If people who hike the Dish don’t speak up, we could find ourselves without access to this wonderful space.

PLEASE FORWARD THIS LINK TO FRIENDS WHO MAY BE INTERESTED IN DISH ACCESS.

Saturday, August 31, 2013

Quiet: The Power of Introverts in a World that Can't Stop Talking


America’s love affair with extroverts began in the early part of the 20th century, when people like Dale Carnegie impressed upon our parents the importance of winning friends and influencing people in order to be successful. 

But our cultural preference for extroversion was not always a part of our national psyche.  In the 19th century, America judged leadership potential the same way many countries do today – on the basis of integrity, judgment, reliability and intelligence.

The emerging growth cultures of Asia are not the only places in the world today puzzled by the America’s continuing obsession with popularity and by our insistence upon turning over most of our elective offices, executive management positions and financial control to people who would rather talk than listen, who make quick decisions based on gut instinct and who prefer risk to contemplation.

Susan Cain’s defense of introverts, Quiet: The Power of Introverts in a World That Can’t Stop Talking weaves together research and personal anecdotes to make a case for taking a second look at the value brought to relationships and organizations by our quieter, more sensitive citizens.

She challenges the corporate focus on team building, open space offices and endless meetings, recounting histories of influential leaders who had a preference to work alone and in quiet.  She is surprised that scarcely an introvert is to be found on the hallowed grounds of Harvard Business School and wonders whether Enron or the economic collapse of the housing market would have happened if the investment banks had put in positions of responsibility fewer talkers and more thinkers.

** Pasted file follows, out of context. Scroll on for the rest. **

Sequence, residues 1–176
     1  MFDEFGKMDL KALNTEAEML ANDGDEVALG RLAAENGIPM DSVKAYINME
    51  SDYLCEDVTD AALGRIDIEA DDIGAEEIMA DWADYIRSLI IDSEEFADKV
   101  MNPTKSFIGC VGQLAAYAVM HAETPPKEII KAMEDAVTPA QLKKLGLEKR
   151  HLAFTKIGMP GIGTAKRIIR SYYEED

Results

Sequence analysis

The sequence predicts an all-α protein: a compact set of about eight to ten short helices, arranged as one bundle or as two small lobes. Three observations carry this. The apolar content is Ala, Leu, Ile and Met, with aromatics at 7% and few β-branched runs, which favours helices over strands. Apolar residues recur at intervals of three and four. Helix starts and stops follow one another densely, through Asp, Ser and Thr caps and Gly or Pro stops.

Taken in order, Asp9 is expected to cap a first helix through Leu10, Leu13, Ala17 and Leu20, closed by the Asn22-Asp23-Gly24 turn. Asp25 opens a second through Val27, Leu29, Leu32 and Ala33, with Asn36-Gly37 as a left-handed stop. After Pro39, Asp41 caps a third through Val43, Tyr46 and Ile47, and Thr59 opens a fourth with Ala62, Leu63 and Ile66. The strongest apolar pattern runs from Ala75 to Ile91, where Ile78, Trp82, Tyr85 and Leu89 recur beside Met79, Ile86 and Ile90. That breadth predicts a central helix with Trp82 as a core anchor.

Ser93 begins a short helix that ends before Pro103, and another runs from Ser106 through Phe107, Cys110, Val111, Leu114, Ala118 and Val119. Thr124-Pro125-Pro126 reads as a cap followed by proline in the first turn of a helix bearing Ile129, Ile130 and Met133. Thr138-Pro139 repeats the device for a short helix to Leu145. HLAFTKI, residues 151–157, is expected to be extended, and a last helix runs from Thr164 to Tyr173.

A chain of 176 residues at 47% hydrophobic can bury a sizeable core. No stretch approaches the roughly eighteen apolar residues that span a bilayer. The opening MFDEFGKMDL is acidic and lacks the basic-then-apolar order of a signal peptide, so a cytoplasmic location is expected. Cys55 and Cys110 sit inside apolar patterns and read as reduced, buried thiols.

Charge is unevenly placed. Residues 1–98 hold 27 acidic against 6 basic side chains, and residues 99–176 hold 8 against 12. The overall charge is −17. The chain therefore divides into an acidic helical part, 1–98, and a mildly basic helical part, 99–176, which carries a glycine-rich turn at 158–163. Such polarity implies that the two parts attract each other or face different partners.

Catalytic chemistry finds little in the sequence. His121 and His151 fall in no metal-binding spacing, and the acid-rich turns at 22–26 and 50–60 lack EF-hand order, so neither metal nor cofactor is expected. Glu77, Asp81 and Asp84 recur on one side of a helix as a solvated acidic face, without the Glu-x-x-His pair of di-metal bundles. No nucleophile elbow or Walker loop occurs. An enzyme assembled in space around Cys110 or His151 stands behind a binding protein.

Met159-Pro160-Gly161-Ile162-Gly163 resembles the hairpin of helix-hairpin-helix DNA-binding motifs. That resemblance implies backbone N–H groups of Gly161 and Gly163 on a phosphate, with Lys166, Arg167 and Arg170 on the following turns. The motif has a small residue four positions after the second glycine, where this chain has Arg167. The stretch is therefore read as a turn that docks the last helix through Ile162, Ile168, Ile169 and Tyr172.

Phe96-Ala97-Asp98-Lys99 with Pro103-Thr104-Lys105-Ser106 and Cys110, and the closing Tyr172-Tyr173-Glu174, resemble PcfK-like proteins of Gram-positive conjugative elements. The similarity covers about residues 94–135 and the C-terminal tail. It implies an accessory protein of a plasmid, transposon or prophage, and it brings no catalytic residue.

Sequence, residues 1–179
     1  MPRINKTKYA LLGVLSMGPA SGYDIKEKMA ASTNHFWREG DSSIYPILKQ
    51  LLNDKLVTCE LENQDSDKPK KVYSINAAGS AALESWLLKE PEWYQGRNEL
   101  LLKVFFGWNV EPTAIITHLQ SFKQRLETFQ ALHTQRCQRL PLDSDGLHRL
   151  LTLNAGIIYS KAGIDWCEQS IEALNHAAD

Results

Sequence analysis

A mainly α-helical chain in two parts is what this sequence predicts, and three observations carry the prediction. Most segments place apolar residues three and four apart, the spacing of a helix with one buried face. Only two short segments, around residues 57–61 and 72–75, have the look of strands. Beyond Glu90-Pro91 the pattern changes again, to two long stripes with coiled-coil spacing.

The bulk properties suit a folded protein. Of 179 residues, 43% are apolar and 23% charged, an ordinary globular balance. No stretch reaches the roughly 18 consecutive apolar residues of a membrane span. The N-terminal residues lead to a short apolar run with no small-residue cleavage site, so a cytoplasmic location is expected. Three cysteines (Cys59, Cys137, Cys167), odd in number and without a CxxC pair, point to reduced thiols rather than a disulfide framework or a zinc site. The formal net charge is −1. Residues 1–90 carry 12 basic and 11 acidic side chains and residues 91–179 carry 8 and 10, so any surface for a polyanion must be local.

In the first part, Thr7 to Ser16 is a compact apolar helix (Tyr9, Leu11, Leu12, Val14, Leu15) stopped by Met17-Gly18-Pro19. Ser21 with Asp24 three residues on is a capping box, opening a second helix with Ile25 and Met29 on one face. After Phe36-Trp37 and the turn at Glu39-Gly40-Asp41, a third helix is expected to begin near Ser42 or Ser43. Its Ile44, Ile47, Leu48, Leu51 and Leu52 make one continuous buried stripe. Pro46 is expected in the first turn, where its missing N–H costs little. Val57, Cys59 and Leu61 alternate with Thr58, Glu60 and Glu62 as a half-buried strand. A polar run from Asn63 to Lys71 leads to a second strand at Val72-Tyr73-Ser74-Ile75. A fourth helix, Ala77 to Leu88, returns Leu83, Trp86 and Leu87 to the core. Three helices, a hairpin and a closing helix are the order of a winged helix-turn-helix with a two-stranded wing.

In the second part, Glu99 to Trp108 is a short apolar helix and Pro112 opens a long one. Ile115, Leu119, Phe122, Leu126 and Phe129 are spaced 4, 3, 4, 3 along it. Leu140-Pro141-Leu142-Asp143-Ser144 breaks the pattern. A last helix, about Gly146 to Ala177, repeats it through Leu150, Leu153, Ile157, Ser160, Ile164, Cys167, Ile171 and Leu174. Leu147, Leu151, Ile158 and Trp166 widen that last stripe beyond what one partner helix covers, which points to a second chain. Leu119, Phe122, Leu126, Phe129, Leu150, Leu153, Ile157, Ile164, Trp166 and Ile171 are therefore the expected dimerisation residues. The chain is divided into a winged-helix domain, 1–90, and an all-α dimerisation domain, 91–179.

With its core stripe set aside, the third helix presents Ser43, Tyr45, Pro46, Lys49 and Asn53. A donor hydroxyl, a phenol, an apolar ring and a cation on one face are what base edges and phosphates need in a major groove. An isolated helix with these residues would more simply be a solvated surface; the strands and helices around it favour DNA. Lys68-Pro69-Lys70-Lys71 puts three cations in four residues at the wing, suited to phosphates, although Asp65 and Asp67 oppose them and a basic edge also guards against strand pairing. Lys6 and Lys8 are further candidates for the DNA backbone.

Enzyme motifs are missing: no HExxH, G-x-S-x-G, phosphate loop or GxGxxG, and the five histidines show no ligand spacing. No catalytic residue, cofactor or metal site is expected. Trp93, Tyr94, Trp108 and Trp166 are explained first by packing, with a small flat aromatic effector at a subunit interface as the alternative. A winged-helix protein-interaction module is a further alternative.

Ms. Cain’s chapter on raising sensitive children provides useful guidance to parents of children who don’t easily adjust to the forced extroversion of years of schooling in an environment better suited to outgoing personalities.

I’m not generally a fan of self-help books or psychological non-fiction.  I listened to the audio version of this book while running errands.  But Susan Cain is insightful and perceptive, and this book is worth reading.  





Monday, August 5, 2013

August Special!

The first 25 people to purchase a copy of One Summer in Arkansas from Amazon.com during the month of August will receive an additional, signed copy of the novel delivered to the recipient of your choice. Not only will you end the summer with a great read, you will be able to share an amazing story with a friend or family member at no charge! Simply email your date of purchase on Amazon along with the name and address of the gift recipient to Marciakempsterling@sonic.net and we'll mail a signed copy of One Summer in Arkansas to the book lover of your choice! Happy Reading!


Saturday, July 13, 2013

Summertime

Summer is the season for family and vacation, so my focus on selling books has been set aside for the moment.

I’m on a flight back to the Bay Area after a week in Boston for our annual Uniform Law Conference.  Since Nat is a commissioner and has to be there, he booked a flight, while I’m travelling standby, one of the perks associated with having a pilot in the family.  Note to parents:  Make sure that at least one of your kids pursues a career flying for a commercial airline. 

Our speaker at the ULF dinner this year was Doris Kearns Goodwin, discussing the Lincoln presidency, a topic of much interest to our conference of lawyers.